3 July 2012 9:14 AM, PDT | The Guardian - Film News | See recent The Guardian - Film News news »

With 7 Days in Havana comes yet another portmanteau project. But if they don't excite the box office, what is their purpose?

Virtually every review I've ever read of an anthology film says something along the lines of "variable", "uneven" or "patchy" – and that seems to go double for the city anthology film, where the subject matter navigates the dinks, dips and cracks on the pavement of urban life. This week's release, 7 Days in Havana, a "contemporary portrait" of Cuba's capital in which Malibu-commercial cliches (Benicio del Toro's opening segment) sit alongside poker-faced pieces of absurdist excellence (Elia Suleiman's), is no exception.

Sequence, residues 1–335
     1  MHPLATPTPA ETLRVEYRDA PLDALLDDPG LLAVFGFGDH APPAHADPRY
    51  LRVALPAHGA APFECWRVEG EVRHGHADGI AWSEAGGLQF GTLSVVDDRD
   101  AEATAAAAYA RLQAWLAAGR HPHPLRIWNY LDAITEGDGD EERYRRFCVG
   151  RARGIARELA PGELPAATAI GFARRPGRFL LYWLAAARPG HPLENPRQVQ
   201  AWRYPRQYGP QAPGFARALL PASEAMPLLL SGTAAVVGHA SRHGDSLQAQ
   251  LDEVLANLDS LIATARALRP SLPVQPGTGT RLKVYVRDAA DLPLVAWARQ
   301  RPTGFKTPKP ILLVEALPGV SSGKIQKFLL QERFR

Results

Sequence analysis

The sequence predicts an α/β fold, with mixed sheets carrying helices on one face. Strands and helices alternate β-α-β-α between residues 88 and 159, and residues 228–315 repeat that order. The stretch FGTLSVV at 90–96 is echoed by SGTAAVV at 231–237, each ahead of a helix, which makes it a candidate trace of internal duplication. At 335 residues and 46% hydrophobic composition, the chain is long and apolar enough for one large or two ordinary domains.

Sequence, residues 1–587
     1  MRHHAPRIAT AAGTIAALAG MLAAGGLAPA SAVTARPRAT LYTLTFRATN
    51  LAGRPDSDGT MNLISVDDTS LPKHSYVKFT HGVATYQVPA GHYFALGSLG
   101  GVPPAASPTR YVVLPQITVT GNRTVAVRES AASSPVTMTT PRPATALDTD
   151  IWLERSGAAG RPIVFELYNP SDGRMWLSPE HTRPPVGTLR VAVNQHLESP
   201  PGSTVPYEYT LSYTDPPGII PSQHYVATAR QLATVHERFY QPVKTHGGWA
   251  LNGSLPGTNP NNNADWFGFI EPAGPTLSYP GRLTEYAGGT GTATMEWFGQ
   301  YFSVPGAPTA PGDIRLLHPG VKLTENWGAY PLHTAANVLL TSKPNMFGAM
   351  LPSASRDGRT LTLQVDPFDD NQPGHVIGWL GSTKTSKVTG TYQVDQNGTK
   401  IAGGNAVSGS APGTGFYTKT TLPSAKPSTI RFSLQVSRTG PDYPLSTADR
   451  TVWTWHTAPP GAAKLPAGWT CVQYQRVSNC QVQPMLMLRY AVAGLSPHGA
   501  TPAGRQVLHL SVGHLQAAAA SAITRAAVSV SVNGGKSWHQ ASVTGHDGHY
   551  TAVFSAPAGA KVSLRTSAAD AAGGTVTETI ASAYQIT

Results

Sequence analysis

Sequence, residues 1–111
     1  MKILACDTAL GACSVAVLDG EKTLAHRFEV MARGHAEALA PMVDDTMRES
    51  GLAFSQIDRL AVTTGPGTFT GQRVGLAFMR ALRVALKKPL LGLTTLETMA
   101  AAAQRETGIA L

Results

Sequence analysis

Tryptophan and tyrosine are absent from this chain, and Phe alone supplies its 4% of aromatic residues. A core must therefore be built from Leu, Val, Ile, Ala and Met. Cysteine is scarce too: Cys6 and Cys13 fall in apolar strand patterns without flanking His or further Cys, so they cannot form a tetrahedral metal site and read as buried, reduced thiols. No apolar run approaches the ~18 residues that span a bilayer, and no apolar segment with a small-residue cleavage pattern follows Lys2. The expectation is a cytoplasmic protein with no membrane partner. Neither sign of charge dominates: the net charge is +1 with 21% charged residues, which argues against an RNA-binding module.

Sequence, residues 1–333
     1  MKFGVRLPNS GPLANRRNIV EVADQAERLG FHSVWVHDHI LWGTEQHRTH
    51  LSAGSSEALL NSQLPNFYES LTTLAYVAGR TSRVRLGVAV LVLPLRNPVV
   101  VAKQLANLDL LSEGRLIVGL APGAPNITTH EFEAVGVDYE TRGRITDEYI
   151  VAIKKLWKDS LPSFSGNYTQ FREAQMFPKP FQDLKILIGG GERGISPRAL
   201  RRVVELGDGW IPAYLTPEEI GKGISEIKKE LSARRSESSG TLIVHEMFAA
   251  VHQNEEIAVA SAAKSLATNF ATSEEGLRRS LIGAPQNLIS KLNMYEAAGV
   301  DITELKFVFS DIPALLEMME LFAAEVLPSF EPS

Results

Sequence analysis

Given the innate quality control issues and how laborious it must be to set up these portmanteau projects, why make them at all? Who exactly do they serve? Money doesn't seem to be the principal reason: they've only done tepid box office in the past. Think of 2006's Paris je t'aime. »

- Phil Hoad

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